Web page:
I’m really excited for today’s post!
As you may know, strength training for running is something I’m passionate about. And I’m passionate about it because I know how beneficial strength training is for everyone. Whether you’re a runner, a sedentary working adult, or active mom, working your muscles can only improve your life.
Jenna, a certified personal trainer and running enthusiast is going to tell us why runners need to strength train. She even provides a strength training program for runners, so that you can finish that half marathon strong.
She also takes pretty cool pictures of her green running shoes. You should totally take a look here.
Strength Training Program for Runners
Hi Fitzala readers, Jenna here from Little Green Running Shoes! Big thanks to Jenni for letting me share with you today. For those of you who don’t know me, I am a group exercise instructor, personal trainer, and runner. I love promoting a healthy lifestyle and finding new ways to be active.
Just over three years ago I started running and am currently in the final stages of training for my second half marathon. Over my running career I have made some hefty mistakes that led to injury, with the biggest mistake of depending solely on running to stay “fit”. Running is a fantastic way to stay active but our bodies need more to stay healthy.
Why is it important to combine strength training and running?
- Prevent injury
- Increase speed and endurance
- Speed up recovery
- Switch up the monotony and avoid plateaus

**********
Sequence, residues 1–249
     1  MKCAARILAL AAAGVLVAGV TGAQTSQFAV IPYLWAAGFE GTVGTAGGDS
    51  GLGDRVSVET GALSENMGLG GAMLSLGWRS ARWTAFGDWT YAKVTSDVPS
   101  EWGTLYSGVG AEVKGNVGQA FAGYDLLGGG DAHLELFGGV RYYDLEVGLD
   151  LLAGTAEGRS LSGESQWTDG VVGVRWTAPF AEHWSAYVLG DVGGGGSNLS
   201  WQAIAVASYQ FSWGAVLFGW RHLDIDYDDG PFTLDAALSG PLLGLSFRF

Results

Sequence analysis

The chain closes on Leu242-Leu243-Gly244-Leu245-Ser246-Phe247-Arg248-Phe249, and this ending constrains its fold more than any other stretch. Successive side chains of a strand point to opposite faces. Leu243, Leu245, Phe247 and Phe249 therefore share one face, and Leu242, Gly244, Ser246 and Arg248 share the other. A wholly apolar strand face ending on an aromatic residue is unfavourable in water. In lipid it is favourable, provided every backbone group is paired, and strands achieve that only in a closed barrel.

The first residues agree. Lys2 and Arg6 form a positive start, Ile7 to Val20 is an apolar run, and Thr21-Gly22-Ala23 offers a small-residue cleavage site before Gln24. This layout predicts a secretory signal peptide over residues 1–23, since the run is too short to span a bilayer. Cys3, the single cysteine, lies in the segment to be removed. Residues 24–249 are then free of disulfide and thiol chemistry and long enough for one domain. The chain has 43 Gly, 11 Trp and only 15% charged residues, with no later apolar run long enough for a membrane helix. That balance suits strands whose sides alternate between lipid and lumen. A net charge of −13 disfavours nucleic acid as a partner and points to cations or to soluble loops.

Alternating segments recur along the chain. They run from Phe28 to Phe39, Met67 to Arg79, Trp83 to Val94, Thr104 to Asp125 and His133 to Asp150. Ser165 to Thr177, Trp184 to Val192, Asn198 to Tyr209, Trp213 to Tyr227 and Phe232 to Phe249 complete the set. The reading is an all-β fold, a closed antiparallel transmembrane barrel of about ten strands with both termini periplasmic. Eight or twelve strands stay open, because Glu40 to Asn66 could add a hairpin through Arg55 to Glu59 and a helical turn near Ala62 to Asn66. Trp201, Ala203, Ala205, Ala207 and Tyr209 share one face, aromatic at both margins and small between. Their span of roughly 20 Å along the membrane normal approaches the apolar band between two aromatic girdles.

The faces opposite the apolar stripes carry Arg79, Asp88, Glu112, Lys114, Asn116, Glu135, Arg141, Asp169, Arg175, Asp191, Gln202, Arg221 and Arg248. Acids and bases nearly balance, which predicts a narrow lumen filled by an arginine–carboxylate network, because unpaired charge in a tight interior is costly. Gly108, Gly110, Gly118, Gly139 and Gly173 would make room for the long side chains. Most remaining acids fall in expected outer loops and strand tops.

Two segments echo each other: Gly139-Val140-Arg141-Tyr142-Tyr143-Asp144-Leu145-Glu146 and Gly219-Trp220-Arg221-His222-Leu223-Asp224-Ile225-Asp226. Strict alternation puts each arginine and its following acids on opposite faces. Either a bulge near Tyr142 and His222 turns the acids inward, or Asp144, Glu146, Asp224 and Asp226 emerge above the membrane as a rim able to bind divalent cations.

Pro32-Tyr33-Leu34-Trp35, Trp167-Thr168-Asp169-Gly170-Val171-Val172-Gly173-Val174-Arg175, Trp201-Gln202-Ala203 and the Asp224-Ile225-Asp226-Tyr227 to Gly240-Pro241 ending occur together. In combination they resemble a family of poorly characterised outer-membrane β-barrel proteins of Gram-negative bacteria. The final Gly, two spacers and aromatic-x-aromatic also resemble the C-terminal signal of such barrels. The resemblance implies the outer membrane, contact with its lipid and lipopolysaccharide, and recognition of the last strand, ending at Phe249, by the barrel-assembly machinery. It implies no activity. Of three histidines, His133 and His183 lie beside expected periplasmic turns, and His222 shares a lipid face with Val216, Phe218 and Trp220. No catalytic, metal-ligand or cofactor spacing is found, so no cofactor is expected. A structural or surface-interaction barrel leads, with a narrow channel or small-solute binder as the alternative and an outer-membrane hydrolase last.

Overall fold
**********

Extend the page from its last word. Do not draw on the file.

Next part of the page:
What is strength training?
A flexible and easily modifiable format that can be included under the group exercise, weight lifting, or body weight umbrella that involves the manipulation of number of sets, repetitions, and exercises with the overall goal of muscular hypertrophy (increase in size). Strength training will increase your muscle mass, strength, endurance, metabolism, and bone density.
How frequently should I do each and for how long? Can they be combined?
You know your body best so it’s up to you to know what you can or can’t do. Hiring a personal trainer is a great way to learn new workout methods under supervision to prevent injury but not all of us can hire a trainer or belong to a gym. Do your research and always consult your doctor before trying anything new.
For maximum results, try 2-3 strength training sessions per week on non consecutive days. You can combine strength and running in one day but pace yourself. Don’t plan to run 10 miles and have a heavy lifting session immediately afterwards. Running before you lift will ensure you are fully warmed up but can also mean your legs may be fatigued heading into your lifting.
According to the American College of Sports Medicine healthy adults should adhere to the following exercise guidelines:
Do moderately intense cardio 30-60 minutes a day, 5 days/week or vigorously intense cardio 20-60 minutes a day, 3days/week
Do 8-12 strength-training exercises, 8-12 repetitions of each exercise 2-3x/wk.
For healthy adults older than 65: Do 10-15 repetitions of each exercise 2-3x/wk
Sample workout weekly plan
How do I complement a half marathon running program with strength training?
Training for any race can wreak havoc on your body. It is especially important to be cautious and pay attention to what your body is telling you. Don’t be afraid to take rest days and modify your schedule if you need to. Maintaining a regular schedule will help you keep track of your training and make workout planning easier.
Still try to strength train 2-3 days per week but put more emphasis on maintenance versus progression. Above is a sample half marathon training program with ample running, strength training for running, and rest time. Everyone is different so feel free to modify for your body!
Strength training doesn’t always happen in a weight room. All you need is your body and you can build plenty of strength and muscle. Here are simple bodyweight strength exercises that will help you run faster, get stronger, and prevent injury. Do each exercise for 8-12 repetitions and 3 full sets after a run.
Body weight squats
Plank (go for time – start with a short amount of time and increase as you get stronger)